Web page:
In 2022, 6 percent of U.S. adults reported currently using an e-cigarette device.

The researchers also raised concerns about the risks of short – and long-term use of e-cigarettes.

“Almost 100 percent of e-cigarettes sold in the United States contain nicotine, and youth use of these products may lead to future abuse and addiction to other substances,” said senior author Dr. Panagiota “Yiota” Kitsantas. Professor and Chair, Department of Population Health and Social Medicine, FAU Schmidt School of Medicine. “The use of e-cigarettes is not a safer alternative to smoking, but may lead to a decline in the use of regular tobacco products.” The use of e-cigarettes has also raised concerns about new health risks, including nicotine addiction.”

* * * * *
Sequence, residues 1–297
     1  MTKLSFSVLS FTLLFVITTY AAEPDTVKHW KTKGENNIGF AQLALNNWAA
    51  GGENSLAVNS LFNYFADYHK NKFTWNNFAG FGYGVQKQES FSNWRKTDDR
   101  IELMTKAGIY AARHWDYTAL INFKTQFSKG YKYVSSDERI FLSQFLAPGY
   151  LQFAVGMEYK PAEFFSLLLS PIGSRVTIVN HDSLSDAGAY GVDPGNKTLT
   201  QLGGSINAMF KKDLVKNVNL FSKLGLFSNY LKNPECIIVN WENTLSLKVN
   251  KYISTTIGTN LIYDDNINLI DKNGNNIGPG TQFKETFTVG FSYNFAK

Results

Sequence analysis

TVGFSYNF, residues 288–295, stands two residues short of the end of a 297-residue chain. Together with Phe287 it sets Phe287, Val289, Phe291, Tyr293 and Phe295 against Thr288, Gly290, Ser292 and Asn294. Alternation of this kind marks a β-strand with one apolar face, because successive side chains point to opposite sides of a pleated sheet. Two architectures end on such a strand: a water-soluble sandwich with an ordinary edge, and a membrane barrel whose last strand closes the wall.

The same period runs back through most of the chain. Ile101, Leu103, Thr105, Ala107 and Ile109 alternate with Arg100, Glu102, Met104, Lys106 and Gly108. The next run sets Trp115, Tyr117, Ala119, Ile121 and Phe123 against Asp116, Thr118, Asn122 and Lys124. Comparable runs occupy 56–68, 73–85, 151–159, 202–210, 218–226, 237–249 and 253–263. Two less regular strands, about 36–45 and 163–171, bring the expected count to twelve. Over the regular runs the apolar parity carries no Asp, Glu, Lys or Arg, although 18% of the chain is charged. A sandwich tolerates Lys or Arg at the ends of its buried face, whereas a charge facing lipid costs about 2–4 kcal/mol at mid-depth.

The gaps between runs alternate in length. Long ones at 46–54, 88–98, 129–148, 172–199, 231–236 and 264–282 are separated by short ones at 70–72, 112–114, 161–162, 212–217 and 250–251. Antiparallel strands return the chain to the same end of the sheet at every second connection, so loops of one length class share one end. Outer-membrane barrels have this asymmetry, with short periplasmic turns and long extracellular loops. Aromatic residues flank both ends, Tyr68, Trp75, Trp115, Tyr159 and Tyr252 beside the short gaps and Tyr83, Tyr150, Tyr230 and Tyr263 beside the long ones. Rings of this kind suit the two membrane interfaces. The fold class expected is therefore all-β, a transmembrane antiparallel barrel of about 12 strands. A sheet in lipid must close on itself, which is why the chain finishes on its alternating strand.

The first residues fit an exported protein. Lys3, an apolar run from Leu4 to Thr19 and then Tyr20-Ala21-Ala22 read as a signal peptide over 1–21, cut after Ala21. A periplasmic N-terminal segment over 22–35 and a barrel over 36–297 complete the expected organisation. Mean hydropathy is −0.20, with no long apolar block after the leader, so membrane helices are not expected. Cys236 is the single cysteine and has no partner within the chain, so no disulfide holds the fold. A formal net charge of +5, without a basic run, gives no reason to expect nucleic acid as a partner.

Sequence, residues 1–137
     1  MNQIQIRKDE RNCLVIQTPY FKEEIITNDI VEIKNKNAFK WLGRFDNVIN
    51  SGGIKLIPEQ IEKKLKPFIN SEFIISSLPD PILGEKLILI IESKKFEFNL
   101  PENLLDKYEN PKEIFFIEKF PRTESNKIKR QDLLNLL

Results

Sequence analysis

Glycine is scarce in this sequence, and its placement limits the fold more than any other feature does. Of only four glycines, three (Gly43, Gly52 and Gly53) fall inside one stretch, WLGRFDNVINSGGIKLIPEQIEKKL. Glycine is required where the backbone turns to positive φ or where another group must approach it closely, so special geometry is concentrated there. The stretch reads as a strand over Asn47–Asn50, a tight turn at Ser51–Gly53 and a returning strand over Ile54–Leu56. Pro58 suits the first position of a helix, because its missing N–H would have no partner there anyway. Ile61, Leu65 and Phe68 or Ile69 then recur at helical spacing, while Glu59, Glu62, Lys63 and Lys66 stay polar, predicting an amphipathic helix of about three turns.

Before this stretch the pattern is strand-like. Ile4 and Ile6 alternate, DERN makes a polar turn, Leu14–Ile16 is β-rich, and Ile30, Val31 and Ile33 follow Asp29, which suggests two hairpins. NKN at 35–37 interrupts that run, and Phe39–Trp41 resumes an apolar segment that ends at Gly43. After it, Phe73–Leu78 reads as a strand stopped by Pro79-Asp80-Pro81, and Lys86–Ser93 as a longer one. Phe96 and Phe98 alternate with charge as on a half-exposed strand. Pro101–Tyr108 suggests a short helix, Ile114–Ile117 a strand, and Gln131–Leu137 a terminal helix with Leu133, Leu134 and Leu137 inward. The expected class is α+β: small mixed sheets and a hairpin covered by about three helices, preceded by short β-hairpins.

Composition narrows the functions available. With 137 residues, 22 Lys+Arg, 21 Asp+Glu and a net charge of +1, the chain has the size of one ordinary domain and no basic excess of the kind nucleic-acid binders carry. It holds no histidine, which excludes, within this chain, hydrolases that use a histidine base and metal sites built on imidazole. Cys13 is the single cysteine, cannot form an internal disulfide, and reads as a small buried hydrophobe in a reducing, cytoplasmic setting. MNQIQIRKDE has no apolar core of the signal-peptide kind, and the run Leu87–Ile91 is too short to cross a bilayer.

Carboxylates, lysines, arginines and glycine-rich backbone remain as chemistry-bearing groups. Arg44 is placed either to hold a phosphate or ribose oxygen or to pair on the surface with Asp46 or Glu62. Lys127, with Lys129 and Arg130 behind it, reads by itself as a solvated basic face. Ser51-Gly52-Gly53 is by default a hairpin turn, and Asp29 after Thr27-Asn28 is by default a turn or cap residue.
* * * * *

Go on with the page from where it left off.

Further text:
While the data point to a significant decline in the prevalence of traditional cigarette smoking among American teens, the introduction of e-cigarette use and its alarming growth present new challenges. The researchers believe the data presents clinical and public health challenges.